Gap in UK market for reasonably priced BEV

Country’s top-selling marques suggest a material opportunity for a mass-market price ticket BEV

Gap in UK market for reasonably priced BEV
Will a lower price point BEV emerge to eat the cake of UK market leader the Ford Puma?

Tesla’s Model Y is the only pure BEV in the ten best-selling cars in the UK in May and for the first five months of the year as a whole, according to the latest data from lobby group the Society of Motor Manufacturers and Traders (SMMT). And the divergence in its price compared to its peers serves to highlight the opportunity to bring a value BEV option into the market.

The remaining nice top consumer vehicles have a base model average cost of around £23k, with the Model Y costing a hefty 90pc more (see Fig.1). But, as of now, it is unclear where and when a lower-priced competitor will emerge.

Fig.1: Tesla's Model Y is a price outlier

China seems to be the most likely genesis of a more competitively priced BEV. Shenzhen-headquartered BYD offer its Seal model at a sterling equivalent just over £21k in Chinese markets.

Deliveries of BYD’s Seal into the UK have not yet begun. But online marketplace Carwow estimates that the model will retail in the UK market starting at a less competitive price point of £40k.

BYD is clearly taking its entry into the UK and EU markets seriously, having already forged alliances with domestic players Octopus EV and the charging arm of Shell. In late March, the Chinese firm named Octopus EV as its preferred UK salary sacrifice provider and agreed to sell it 5,000 of the first model it is bringing to the UK, the Atto 3 SUV.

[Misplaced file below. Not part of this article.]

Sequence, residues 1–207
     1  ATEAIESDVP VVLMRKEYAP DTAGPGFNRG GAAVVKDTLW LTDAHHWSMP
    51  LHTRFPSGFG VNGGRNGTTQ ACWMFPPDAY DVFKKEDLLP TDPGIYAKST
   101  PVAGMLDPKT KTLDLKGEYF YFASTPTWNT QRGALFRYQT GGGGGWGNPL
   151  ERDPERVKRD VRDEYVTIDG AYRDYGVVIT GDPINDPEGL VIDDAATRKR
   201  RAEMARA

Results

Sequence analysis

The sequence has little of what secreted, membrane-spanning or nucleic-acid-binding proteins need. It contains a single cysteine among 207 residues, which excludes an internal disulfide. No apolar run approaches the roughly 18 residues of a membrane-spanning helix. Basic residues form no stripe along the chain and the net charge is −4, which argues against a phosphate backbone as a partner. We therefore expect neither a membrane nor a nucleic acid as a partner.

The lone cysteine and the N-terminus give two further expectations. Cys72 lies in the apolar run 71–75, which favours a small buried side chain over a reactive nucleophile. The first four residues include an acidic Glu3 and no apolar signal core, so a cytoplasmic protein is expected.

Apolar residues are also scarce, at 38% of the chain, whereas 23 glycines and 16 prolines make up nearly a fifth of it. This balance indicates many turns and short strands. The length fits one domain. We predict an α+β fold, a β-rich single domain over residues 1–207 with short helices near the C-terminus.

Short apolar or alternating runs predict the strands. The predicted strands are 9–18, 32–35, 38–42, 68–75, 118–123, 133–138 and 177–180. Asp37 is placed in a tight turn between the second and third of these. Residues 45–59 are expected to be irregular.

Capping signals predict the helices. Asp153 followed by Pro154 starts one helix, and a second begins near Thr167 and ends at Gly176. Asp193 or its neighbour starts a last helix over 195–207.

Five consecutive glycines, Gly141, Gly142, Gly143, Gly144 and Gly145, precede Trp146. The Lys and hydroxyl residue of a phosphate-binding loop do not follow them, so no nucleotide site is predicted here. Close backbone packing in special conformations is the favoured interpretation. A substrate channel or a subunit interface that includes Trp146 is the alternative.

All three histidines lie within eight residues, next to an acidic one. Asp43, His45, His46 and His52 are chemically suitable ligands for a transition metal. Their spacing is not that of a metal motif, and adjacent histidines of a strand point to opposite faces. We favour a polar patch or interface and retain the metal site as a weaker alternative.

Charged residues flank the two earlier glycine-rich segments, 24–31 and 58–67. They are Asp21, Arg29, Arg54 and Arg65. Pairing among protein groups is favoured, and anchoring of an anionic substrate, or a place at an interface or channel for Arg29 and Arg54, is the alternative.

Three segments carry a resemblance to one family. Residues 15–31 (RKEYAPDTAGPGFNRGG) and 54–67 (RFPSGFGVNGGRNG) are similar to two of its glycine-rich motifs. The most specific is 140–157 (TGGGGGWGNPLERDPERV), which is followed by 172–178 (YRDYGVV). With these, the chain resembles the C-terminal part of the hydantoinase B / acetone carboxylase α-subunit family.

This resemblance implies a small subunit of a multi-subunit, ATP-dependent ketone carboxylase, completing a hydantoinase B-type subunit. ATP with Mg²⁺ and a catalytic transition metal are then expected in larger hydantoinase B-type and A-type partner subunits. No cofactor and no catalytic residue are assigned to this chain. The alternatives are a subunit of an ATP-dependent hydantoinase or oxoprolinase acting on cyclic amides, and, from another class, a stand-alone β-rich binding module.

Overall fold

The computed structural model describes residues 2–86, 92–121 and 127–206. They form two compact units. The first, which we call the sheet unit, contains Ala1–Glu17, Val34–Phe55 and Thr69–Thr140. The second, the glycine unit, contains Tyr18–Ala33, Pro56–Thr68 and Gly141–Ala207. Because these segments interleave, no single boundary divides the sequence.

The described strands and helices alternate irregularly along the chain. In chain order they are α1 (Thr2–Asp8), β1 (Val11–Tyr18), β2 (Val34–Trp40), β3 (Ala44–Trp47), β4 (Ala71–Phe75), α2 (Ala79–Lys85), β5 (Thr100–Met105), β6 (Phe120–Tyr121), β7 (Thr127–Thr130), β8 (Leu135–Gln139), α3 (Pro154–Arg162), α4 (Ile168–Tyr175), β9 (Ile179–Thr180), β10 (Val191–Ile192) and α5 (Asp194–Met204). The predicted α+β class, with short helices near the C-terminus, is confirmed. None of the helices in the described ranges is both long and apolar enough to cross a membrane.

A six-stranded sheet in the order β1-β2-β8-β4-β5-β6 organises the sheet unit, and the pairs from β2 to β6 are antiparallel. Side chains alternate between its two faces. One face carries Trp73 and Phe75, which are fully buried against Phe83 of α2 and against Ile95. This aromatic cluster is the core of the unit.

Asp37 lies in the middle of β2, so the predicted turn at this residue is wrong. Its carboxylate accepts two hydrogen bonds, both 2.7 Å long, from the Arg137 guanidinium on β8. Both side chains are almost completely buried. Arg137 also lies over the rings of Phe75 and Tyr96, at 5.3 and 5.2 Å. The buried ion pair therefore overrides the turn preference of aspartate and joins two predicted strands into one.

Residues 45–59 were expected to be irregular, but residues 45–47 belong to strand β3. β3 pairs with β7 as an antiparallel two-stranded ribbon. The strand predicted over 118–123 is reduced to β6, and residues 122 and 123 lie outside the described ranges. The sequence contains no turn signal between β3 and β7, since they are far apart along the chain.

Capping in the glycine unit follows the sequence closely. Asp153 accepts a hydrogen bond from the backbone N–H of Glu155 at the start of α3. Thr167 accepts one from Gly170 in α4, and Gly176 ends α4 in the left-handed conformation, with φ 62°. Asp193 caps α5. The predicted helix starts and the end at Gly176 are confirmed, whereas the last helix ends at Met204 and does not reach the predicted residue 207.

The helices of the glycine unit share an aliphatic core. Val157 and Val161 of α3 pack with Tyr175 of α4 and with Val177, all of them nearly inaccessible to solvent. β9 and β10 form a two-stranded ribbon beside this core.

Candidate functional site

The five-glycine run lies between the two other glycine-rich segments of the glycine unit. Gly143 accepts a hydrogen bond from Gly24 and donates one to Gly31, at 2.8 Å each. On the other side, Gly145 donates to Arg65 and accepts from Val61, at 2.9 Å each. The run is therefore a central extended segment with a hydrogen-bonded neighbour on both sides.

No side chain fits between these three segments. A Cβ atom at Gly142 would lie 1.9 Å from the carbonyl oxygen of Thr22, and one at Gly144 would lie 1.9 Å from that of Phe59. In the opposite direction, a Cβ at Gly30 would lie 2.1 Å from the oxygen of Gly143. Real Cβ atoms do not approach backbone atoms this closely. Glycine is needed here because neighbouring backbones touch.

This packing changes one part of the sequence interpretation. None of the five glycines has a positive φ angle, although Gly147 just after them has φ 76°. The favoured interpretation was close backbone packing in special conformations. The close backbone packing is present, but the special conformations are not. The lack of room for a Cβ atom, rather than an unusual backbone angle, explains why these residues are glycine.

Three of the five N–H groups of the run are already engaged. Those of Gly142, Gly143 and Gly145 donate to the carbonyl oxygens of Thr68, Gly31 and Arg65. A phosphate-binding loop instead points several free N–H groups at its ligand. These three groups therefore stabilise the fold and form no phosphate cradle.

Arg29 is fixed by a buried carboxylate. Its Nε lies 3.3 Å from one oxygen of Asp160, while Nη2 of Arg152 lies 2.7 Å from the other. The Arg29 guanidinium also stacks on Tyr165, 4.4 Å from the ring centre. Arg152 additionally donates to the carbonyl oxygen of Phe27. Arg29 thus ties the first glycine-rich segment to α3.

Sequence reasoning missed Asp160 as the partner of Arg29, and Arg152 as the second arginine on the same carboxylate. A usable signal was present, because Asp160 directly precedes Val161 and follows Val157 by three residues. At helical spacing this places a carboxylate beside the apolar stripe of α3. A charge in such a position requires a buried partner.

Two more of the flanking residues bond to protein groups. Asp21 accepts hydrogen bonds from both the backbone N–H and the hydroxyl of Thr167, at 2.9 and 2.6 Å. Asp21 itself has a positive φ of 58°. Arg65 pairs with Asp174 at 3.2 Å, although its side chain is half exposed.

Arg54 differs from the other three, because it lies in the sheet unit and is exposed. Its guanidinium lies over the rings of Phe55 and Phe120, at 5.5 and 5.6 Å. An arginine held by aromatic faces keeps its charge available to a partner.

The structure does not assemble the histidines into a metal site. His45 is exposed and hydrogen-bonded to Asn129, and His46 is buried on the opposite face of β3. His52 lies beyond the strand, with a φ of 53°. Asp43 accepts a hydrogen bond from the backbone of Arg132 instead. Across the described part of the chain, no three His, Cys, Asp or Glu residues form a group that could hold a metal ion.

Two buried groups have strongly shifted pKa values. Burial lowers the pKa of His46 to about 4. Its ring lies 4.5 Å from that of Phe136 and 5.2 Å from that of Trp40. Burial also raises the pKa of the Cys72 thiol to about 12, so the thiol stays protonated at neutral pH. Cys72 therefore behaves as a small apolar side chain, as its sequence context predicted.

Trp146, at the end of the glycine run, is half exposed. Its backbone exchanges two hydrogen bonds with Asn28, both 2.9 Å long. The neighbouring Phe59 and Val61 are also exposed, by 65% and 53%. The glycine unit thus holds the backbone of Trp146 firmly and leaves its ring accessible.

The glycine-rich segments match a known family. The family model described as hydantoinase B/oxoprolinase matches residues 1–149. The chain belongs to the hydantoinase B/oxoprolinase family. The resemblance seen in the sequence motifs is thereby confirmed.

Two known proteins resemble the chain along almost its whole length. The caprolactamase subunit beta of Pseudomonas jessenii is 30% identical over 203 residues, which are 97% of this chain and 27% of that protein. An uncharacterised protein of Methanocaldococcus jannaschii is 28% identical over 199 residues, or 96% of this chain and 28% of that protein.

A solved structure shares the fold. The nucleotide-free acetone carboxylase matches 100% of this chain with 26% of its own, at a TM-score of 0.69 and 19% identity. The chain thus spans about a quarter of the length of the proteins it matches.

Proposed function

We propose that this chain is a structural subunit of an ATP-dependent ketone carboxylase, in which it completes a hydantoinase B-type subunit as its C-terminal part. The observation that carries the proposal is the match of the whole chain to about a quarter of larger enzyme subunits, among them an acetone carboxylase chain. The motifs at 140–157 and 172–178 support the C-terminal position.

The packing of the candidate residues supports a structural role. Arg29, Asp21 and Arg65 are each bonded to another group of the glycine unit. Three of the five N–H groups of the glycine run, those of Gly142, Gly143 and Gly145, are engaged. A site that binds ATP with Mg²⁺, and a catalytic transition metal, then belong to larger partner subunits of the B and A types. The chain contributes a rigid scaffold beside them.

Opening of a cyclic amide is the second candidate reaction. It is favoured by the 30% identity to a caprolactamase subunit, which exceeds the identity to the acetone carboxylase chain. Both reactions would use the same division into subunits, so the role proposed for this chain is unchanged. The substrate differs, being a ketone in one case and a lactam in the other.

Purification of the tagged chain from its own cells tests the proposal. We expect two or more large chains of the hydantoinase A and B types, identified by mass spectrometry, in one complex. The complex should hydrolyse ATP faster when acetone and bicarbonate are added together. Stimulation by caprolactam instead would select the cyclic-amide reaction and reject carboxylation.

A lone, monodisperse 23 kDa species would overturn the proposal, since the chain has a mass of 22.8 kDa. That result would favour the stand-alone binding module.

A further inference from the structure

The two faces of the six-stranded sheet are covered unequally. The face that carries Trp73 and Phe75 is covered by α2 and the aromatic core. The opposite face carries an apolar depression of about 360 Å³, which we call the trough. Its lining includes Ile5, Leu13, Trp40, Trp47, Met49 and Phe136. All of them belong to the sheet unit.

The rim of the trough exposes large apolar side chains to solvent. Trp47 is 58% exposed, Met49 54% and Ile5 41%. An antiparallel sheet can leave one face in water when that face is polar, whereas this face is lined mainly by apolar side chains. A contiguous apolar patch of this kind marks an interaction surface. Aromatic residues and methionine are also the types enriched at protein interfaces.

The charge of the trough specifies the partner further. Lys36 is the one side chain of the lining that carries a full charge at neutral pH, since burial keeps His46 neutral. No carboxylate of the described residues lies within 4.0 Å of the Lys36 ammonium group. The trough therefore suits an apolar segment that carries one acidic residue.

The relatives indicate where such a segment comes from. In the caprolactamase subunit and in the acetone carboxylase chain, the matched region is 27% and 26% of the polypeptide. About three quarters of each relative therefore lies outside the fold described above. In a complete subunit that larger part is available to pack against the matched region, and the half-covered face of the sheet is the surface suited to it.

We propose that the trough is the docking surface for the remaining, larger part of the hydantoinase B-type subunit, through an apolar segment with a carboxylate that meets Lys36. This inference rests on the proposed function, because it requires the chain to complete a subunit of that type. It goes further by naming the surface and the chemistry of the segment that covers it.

Also in late March, Shell and BYD agreed to form a pan-European mobility service provider partnership, offering private and commercial BYD drivers membership access to 275,000 charging points through Shell’s roaming network. Shell and BYD also committed to jointly developing fleet solutions and depot charging services for European BYD customers in Europe, and will collaborate on providing integrated home energy solutions such as dynamic tariff scheduling, solar integration, home batteries and vehicle-to-grid charging in different regions across the world.

Other EVs from OEMs with an established presence in the UK market have also so far been unable to provide substantially lower costs for consumers. The Ioniq 5 from South Korea’s Hyundai only has a base price of £42k, only marginally cheaper than Tesla, according to Carwow. German OEM Volkswagen offers its ID4 model for £38k, according to review site Car and Driver — cheaper than Tesla, but still over £15k more expensive than the average price of the best-selling non-Tesla models.

Tesla’s closest rival in terms of UK sales by a pure EV manufacturer — a long way back but actually growing more quickly than its US competitor (see Fig.2) — Volvo-owned Polestar also cannot provide a materially more inexpensive alternative. The Polestar 2 is at price parity to the Model Y, while the company’s Polestar 3 SUV, due for delivery in Q4, will set consumers back nearly £79k.

Fig.2: Polestar is a long way behind Tesla but enjoying strong growth


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